Perhaps the most radical shift has occurred in clinical genetics. No longer content merely to establish a disorder’s genetic cause by charting its occurrences across a lineage, the neurological gaze has shifted once more. It no longer focuses on the external symptoms of disease perceived by the patients themselves or others around them – however slight, however nascent. New technologies of gene sequencing have rendered the invisible visible, and refocused clinical attention on those small variations in gene sequences that, in some but not all cases, will eventually reveal themselves in symptoms. Despite the rhetoric of precision and ‘personalisation’ associated with the predictive power of contemporary molecular genetics, the person so diagnosed now enters a world of probabilities and uncertainties. They are, as it were, ‘patients in waiting’. Will they get sick, when will they get sick, how quickly will their disease progress, when is early intervention warranted, how will these ‘genetic instructions’ play out in their own, singular, individual body and brain? If, as we know, these questions haunt those with a family history of single gene disorders such as Huntington’s Disease – so much that around half of those with such a family history of neurological disorder refuse to take the genetic test – how much more so for the disorders whose genetics is multiple, probabilistic, developmental and contingent on many other factors for its emergence. What is the neurological gaze, then, in these proliferating conditions of uncertainty?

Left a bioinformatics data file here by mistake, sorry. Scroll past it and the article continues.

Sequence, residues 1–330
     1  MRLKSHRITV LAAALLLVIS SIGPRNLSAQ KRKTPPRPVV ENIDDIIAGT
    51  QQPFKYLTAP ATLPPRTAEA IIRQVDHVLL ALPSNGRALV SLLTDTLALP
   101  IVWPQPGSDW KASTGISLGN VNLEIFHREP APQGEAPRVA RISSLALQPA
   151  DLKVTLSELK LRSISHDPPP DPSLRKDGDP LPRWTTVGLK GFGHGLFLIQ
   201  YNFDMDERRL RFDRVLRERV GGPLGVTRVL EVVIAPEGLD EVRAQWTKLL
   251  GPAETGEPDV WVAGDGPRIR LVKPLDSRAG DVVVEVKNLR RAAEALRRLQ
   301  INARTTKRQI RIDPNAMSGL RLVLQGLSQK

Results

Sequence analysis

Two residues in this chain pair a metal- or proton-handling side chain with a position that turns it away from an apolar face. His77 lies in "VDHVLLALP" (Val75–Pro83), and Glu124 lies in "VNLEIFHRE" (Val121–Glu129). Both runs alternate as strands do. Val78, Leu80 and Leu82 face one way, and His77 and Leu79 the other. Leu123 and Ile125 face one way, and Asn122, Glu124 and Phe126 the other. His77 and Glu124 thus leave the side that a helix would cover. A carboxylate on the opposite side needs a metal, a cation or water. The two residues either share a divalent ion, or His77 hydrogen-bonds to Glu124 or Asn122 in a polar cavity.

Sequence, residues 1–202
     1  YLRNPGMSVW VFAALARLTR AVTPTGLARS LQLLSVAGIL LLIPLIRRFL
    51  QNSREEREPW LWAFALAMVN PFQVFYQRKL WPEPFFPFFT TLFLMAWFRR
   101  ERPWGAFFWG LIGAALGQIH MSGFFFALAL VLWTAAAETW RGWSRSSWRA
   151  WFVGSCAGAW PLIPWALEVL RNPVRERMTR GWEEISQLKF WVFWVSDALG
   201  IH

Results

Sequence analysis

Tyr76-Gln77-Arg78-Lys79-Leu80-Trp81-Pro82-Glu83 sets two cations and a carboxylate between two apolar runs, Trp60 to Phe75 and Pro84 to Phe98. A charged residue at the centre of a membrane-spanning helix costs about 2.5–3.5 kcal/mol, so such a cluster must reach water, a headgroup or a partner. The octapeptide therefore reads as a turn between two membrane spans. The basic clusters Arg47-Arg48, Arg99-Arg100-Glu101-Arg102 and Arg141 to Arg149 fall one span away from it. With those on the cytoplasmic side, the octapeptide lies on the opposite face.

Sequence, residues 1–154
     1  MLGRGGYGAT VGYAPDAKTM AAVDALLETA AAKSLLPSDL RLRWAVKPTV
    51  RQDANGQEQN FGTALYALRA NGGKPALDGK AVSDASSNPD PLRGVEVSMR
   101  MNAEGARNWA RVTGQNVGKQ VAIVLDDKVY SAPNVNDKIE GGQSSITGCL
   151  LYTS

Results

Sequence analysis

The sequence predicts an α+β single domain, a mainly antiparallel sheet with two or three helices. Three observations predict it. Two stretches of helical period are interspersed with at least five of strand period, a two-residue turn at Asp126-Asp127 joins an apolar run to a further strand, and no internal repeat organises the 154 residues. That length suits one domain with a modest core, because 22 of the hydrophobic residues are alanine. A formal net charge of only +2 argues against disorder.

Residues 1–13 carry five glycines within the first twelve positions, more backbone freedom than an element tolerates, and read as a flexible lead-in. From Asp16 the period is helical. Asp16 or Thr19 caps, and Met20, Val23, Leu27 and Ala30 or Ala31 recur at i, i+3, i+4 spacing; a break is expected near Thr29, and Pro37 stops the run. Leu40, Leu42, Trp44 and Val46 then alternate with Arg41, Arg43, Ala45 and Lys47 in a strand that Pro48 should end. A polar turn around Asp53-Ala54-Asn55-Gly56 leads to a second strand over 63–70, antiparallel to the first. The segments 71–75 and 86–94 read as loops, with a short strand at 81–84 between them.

Then there are the disorders which we cannot ‘see’ at all; where none of our technologies reveal anomalies. Can we still think of some disorders as ‘functional’? What is the status of a disorder that only exists in the sometimes erratic narratives of a patient’s story? When it comes to Chronic Fatigue Syndrome, Gulf War Syndrome and many more conditions characterised by a somewhat confused concatenation of neurological, mental and physical complaints, are we confronted with ‘real’ disorders even though our current practices of looking don’t see it? Or is it something that the patient has acquired ‘culturally’, simply an embodiment of a “cultural construction”? Are these symptoms of something else: a psychiatric disorder? Or is this a problem awaiting ‘objective’ confirmation? And if so, on whose authority? Must we wait for a physiological test? A more precise brain scan? Better gene sequencing? Or is it a matter of clinical ‘art’, the culturally-constructed gaze of the clinician, further specified by years of personal experience and a lifetime of successes and failures burned deep into the memory?